Comparison theory was first put forth in 1954 by psychologist Leon Gestinger, who hypothesized that we make comparisons as a way of evaluating ourselves – especially in social settings. At its root, it is connected to the brain’s network that is traced back to protect oneself against threats. (1)

In today’s world, specifically social media, the continuous 24/7 TV and internet media have been designed to trigger this built-in human condition in an effort to boost mostly advertising revenue.

Computer algorithms are used in several ways. They are used to boost how wonderful someone appears to be based on “likes,” to the stories and words TV anchors use to sensationalize the euphoria of market highs and impending doom of market declines. They all are designed to elicit an emotional response. A comparison. This sells.

What is missing is normally the complete story and the data – the drivers behind each event. This is very pronounced in speaking about “The Market.”

“The Market?” What is “The Market?” A hundred years or so ago, when wide spread capitalism was relatively concentrated, it was easier to narrow this phrase. It normally meant the DOW Jones Industrial.

As economies grew, were born, matured, and were replaced, “The Market” is now ambiguous and diverse. The market could mean the Stock Market, but that can be broken down into a collection of Large Capital companies, Medium Capitalized companies, Smaller companies, International companies, all companies that are traded, emerging market (does China count as an emerging country – the second largest economy in the world, I’d contend they have arrived but they are include in the “Emerging Market”), European companies . . . on to the “Bond Market” . . . are we talking about corporate bonds, government bonds . . . I think you get the picture. “The Market” is wide and undefined.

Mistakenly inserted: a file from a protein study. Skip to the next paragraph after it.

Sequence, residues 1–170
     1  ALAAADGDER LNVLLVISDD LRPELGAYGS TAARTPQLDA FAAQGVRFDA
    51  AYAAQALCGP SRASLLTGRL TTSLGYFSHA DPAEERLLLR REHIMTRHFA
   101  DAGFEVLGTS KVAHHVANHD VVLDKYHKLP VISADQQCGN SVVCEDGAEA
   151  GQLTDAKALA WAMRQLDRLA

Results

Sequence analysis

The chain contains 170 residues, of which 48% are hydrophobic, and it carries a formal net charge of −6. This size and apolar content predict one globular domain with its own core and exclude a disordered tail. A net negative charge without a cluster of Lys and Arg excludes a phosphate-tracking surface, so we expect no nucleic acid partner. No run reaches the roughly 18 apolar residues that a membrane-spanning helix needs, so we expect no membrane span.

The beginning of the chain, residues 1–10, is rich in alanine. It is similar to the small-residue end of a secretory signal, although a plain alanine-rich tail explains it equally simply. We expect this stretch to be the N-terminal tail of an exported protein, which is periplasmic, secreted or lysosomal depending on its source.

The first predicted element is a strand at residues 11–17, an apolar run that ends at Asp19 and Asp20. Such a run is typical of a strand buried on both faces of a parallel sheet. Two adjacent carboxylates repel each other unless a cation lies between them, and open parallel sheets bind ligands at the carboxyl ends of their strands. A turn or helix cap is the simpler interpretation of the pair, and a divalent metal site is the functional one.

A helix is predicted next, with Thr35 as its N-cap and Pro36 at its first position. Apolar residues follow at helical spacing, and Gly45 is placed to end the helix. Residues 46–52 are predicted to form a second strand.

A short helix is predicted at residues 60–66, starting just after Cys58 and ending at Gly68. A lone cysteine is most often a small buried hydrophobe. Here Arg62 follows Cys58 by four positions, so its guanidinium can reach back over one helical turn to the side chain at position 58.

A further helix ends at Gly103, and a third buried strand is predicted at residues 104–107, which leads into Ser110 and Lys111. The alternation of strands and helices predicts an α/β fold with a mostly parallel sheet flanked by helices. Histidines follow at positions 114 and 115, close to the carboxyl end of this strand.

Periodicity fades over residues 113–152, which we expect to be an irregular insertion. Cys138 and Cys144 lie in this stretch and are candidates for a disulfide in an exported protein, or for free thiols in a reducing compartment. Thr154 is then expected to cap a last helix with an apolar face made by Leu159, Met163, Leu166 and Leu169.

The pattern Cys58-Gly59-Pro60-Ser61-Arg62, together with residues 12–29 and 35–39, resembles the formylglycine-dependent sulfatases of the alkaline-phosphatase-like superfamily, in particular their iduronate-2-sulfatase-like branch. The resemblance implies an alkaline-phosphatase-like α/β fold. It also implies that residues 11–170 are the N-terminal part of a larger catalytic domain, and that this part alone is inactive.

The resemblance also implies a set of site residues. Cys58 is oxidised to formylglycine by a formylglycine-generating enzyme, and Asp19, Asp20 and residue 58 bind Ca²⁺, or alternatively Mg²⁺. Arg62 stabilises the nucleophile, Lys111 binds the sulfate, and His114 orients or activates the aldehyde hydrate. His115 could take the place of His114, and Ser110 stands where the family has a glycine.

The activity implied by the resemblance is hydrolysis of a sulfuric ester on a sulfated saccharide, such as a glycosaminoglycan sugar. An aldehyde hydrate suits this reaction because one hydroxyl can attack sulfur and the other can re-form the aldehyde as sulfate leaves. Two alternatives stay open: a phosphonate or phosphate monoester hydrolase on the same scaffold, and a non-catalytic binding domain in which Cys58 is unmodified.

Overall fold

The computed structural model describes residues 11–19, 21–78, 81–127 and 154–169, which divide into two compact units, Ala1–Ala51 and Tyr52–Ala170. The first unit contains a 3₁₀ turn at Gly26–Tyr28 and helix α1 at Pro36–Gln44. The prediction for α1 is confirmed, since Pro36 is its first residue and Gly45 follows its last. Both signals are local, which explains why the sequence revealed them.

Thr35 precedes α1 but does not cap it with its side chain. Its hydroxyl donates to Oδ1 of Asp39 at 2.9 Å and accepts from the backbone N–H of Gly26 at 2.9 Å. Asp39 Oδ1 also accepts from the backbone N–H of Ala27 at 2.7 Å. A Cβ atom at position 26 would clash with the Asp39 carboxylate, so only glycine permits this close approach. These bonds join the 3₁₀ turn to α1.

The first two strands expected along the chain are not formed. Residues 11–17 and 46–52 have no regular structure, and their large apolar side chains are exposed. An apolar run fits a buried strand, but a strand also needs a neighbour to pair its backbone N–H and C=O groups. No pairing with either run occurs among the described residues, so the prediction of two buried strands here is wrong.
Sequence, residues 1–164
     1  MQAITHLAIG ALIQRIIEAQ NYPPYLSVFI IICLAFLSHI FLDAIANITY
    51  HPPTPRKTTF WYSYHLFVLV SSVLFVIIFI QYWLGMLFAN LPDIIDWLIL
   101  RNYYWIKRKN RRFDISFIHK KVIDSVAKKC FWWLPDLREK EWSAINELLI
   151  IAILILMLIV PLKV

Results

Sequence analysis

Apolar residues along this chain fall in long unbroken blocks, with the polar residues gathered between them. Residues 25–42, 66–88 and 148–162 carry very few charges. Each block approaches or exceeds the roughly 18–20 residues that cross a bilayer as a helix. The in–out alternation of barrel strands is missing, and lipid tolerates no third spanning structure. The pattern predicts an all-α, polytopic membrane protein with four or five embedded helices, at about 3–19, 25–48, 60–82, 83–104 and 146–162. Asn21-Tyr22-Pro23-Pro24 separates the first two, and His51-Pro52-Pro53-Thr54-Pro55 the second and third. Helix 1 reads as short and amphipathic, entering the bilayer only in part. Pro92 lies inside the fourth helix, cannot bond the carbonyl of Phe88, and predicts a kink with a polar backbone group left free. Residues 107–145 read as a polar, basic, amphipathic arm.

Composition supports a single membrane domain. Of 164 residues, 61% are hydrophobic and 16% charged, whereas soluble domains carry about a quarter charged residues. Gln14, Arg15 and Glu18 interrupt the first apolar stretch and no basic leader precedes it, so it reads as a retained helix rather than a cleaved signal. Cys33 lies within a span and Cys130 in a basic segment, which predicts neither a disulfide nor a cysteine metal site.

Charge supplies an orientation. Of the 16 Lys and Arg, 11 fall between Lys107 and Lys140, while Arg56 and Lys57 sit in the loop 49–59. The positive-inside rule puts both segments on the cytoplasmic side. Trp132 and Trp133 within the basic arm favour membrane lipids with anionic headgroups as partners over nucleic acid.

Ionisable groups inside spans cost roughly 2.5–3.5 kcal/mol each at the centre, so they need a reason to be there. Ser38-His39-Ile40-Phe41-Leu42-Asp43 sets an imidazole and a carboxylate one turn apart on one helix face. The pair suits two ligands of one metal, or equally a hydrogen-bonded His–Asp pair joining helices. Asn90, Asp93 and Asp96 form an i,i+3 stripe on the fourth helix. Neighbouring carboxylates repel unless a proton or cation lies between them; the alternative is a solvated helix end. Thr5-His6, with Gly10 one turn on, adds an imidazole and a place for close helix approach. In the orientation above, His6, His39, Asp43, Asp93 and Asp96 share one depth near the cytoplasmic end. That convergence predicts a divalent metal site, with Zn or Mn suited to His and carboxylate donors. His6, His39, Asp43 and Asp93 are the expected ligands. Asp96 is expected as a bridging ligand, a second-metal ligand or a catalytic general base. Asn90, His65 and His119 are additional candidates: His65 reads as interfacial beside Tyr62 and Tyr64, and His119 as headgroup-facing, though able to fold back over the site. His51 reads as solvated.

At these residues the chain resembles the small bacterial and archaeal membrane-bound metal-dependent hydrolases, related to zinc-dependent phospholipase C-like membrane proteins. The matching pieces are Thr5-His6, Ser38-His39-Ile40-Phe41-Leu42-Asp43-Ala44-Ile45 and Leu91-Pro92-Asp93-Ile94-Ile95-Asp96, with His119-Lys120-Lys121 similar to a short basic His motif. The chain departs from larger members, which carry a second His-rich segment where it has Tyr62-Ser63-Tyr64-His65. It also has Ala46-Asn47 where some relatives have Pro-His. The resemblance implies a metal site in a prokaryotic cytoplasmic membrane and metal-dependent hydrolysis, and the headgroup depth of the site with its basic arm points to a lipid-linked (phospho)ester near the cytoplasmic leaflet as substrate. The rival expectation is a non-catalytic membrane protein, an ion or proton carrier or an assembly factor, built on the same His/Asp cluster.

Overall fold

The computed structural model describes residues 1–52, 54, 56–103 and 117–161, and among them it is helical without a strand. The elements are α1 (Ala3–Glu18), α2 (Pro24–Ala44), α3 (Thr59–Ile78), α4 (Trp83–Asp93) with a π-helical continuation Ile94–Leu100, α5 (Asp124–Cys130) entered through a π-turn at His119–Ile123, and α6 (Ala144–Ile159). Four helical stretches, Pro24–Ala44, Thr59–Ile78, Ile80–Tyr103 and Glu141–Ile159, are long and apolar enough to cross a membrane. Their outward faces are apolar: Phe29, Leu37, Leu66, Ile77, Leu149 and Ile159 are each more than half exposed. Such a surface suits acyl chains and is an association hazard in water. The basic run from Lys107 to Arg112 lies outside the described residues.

To make matters even worse, within each “Market” one must understand the components – how it is made up. This is key data that sheds light if using it as a comparison is meaningful. To illustrate this point, we will use the S&P 500 as an example.

The S&P 500 Index is a collection of 500 US stocks that are weighted in the index based on market capitalization, which is calculated by the number of outstanding shares issued multiple by the stock price. The larger the company, the larger the percentage in the index. I hope you can see the inherent danger in this approach.

If you have a situation where a handful of large company stocks are so large, they over power all the rest. This is the exact situation in the S&P 500. There are approximately 25 companies or so (about 5% of the total number) that drive the return. The rest don’t really matter.

Below is a heat map that shows, by sector, the components of the S&P 500, where the size of each box represents market cap. (2)

This illustrates the market capitalization impact (the larger the box, the larger the company’s impact.) discussed above and gives a pretext to dangers inherent in comparing your portfolio to “The Market.” Here are some stats: (3)